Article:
oderfla oderfla - 4 years ago 111
Node.js Question

Where does json web token save the data?

I have a node-app using json web token:

var jwt = require('jsonwebtoken');

If a login succedes then this library creates a token this way:

var payload = {mydata: 'abcd'};
var token = jwt.sign(payload, 'secret', {
expiresIn: 28800
});

return {
success: true,
message: 'Success',
token: token
};


What I don't understand is where the token is stored on the server.
If the same user that received the token makes a call to a protected resource, then I have this line:

jwt.verify(token_sent_by_used, 'secret', function (err, res) {
if(!err){
res.json({result: 'success'});
}
else{
res.json({result: 'failure'});
}
}


The reason why Im asking this is that I could not find explanation on how to handle jwt when running an application across several machines.
If my backend is put on different machines and user makes the requests to a load balancer, then the request can hit any machine.
If jwt writes token data on the file system, then I guess there can be issue if the request hits a machine that was not the one that created the token.
When using session, you can set the session handler to database. How do you solve this with jwt?

****EDIT****

Ok, let's take an eaxmple.
I have a node app that is running on machine .10 and the same node app also running on machine .11. Two different machines.

I go to machine .10 and send username password. App on machine .10 checks username/password. They are ok. Machine .10 creates a jwt token and send it to me.

I now make a curl request (to a resource that requires a valid jwt-token) to machine .11 and send the jwt-token that machine .10 had preciously sent to me. Machine .11 will not complain about the jtw-token? It will be considered valid? Even if it was not created on machine .11?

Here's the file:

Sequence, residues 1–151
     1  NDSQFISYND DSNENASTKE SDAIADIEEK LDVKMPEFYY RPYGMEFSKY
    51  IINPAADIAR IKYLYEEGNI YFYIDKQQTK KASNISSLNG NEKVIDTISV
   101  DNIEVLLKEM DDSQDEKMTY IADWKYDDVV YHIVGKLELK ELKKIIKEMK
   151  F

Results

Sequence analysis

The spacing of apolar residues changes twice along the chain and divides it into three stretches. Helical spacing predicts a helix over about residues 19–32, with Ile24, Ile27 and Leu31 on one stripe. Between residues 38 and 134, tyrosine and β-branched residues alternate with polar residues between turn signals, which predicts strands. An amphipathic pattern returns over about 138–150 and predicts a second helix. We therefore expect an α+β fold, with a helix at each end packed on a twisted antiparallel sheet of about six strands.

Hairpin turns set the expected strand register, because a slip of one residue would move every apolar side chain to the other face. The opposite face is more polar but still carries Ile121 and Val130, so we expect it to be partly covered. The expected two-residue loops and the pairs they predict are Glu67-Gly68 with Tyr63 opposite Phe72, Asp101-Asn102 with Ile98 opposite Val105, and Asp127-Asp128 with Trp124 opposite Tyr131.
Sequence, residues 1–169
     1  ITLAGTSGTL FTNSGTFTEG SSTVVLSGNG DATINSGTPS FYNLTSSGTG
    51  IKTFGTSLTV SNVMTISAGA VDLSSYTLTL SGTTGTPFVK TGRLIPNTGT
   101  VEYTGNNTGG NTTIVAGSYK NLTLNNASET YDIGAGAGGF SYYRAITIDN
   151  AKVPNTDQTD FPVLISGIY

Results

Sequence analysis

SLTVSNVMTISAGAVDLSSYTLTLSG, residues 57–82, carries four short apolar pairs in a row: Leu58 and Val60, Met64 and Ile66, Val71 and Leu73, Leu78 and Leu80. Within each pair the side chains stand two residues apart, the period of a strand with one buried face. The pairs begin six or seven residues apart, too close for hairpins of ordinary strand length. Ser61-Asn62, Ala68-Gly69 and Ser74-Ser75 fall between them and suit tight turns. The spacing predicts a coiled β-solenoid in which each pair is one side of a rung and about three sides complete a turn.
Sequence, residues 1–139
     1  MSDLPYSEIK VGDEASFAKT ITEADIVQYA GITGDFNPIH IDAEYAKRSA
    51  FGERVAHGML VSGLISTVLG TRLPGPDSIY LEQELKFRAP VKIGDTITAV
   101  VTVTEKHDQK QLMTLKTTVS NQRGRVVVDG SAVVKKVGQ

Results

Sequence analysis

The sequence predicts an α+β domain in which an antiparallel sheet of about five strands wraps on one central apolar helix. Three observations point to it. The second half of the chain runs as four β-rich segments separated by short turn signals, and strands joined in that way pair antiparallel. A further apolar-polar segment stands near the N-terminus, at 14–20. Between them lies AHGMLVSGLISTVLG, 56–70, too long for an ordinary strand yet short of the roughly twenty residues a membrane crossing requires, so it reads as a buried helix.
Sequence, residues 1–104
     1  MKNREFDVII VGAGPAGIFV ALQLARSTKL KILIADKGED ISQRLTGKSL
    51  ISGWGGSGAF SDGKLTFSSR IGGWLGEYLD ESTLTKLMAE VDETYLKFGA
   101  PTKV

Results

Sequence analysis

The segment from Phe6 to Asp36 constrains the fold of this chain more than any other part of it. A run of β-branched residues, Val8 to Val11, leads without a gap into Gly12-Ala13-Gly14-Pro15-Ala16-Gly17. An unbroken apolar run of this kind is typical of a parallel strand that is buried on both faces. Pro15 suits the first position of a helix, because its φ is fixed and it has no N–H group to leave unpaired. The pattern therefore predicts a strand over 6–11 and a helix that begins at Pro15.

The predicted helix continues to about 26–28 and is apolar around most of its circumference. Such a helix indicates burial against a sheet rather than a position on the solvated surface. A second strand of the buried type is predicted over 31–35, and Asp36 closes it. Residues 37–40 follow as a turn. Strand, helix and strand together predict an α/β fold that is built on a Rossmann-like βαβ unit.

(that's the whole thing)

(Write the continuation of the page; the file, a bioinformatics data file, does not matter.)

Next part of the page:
Answer Source

Both servers in your question must be able to verify the token - they must be able to generate the signature. If both servers share the same secret key (used to originally generate the token's signature on .10), then both would be able to verify its contents.

In the screenshot below, both the red part and the purple part are plaintext - anyone can read and modify them. However, the blue part is special - it can only be generated on the server, from the red and purple parts, using the secret key. So, it guarantees that the red and purple parts were not tampered with.

enter image description here

So, when you send the whole JTW back to a server, it can use the secret key to generate the blue part and compare it with the blue part that you're sending. If they don't match, then someone (illegitimately) changed the red or purple parts, so authentication is denied.

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